Clubbing To Court

The owner of several Denver nightclubs has filed a lawsuit seeking at least $1 million from a former employee and several of his business partners.

In a 43-page filing, Regas Christou claims that Brad Roulier, who co-owns the online electronic music store Beatport and the city’s Beta club, has used unfair business practices in coordination with New York agency AM Only to monopolize the Denver electronic dance club market.

The suit brings forth a wealth of allegations against Rouiler, Beatport, Beta and AM Only including unlawful tying, monopolization, attempted monopolization, conspiracy to monopolize, conspiracy to eliminate competition by unfair means, theft of trade secrets, violations of the RICO act, intentional interference with prospective business expectancies and civil conspiracy.

Christou, who owns or is affiliated with Denver clubs including The Church, 2 A.M., The Shelter, City Hall, Funky Buddha Lounge, The Living Room and Vinyl, hired Roulier as a talent buyer in 1998.

Christou claims that in 2003 he co-signed a $50,000 loan for Roulier when he co-founded Beatport. Roulier allegedly promised at the time that he would later give Christou partial ownership of the company.

However, by March 2008, Beatport had grown to become a dominant force in the digital electronic music download market and Roulier went out on his own as a clubowner, opening Beta.

That was when things took a turn, the lawsuit says, as Roulier and Co. “began to leverage the overlapping ownership among defendants and the power of Beatport to coerce DJs to boycott [Christou’s] venues and to play only at Beta.”

Specifically, Christou charges Beatport used its position and clout as “the most relevant online source of electronic music in the world” to pressure DJs to perform only at Beta or face the consequences.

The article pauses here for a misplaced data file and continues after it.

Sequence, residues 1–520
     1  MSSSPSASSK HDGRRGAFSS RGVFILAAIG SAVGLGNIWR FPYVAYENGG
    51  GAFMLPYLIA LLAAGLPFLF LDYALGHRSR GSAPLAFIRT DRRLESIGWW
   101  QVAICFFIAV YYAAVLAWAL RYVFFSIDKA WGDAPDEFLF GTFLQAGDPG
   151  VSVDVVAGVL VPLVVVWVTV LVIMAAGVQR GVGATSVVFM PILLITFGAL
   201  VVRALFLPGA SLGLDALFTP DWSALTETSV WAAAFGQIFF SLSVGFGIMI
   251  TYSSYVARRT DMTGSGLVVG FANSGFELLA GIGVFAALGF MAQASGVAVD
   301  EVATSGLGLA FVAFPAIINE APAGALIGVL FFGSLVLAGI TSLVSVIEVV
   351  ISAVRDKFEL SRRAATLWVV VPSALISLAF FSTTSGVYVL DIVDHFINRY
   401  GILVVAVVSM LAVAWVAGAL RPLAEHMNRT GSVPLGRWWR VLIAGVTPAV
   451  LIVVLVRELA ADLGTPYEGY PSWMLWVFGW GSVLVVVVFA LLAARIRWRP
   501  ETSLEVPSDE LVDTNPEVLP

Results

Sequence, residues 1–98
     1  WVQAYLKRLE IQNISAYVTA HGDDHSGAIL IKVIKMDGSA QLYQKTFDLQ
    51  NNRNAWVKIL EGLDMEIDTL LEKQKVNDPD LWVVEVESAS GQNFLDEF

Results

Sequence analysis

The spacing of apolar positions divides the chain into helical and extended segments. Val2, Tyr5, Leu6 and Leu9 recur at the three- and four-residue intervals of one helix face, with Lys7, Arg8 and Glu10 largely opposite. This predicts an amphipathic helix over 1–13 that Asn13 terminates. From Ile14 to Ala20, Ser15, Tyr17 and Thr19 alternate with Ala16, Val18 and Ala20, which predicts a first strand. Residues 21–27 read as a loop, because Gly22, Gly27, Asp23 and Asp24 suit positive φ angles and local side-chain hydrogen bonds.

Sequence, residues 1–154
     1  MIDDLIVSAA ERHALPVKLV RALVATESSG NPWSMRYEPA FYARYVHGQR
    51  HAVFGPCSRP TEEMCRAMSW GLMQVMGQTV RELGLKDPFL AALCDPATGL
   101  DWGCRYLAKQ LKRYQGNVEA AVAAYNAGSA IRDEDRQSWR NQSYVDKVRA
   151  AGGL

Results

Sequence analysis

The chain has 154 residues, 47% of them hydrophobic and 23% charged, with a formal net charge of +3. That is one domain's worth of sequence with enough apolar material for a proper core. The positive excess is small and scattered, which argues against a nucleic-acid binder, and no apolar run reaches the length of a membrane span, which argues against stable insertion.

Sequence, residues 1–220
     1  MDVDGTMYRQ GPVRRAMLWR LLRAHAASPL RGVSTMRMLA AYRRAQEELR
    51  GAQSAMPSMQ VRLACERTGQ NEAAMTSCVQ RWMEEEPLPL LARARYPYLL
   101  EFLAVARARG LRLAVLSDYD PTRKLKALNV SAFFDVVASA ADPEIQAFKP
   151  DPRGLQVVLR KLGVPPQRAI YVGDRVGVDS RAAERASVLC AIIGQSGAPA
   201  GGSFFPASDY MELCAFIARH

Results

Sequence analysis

“They’ve threatened DJs that if they play at The Church or Vinyl they will pull their songs off Beatport – even that they will pull a DJ’s entire label off Beatport,” Christou said in a statement. “And DJs have no choice but to go along because it’s their financial life at stake.”

AM Only is named an “active participant” in the scheme through its communications “to DJs, agents, and labels that Beatport would punish DJs if they played at [Christou’s] clubs, and by refusing to pass offers for performances from [Christou’s] personnel to A-list DJs represented by AM Only.”

Artists including DJ Rap, Christopher Lawrence, DJ Dan, Sasha and Deadmau5 were allegedly coerced into engagements at Beta.

In one instance, Christou and his talent buyer attempted to offer Deadmau5 $15,000 for a two-hour set at Vinyl following an earlier performance that day at Red Rocks. The suit says the artist expressed interest at the offer, which was “more than double the market rate for such a performance at the time … but after conferring with his agent stated that he could not accept out of fear of angering Mr. Roulier.”

Christou’s suit seeks an injunction to end the predatory and anticompetitive behavior, damages and attorneys’ fees.

Joe Silver, an attorney for Roulier, told the Denver Post the filing surprised his client.

“I think that Mr. Christou may be mistaking Beta’s popularity among the artists and the public as being unfair competition,” he said.
A representative for AM Only declined to comment on the suit.